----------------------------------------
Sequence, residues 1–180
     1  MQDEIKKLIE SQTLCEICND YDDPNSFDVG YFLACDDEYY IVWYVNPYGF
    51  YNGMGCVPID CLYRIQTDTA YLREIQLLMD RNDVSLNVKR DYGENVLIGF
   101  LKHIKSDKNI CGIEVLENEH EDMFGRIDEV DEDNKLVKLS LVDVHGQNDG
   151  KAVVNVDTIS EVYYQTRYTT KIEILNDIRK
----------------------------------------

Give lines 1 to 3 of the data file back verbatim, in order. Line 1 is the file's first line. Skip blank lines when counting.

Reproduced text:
Sequence, residues 1–180
     1  MQDEIKKLIE SQTLCEICND YDDPNSFDVG YFLACDDEYY IVWYVNPYGF
    51  YNGMGCVPID CLYRIQTDTA YLREIQLLMD RNDVSLNVKR DYGENVLIGF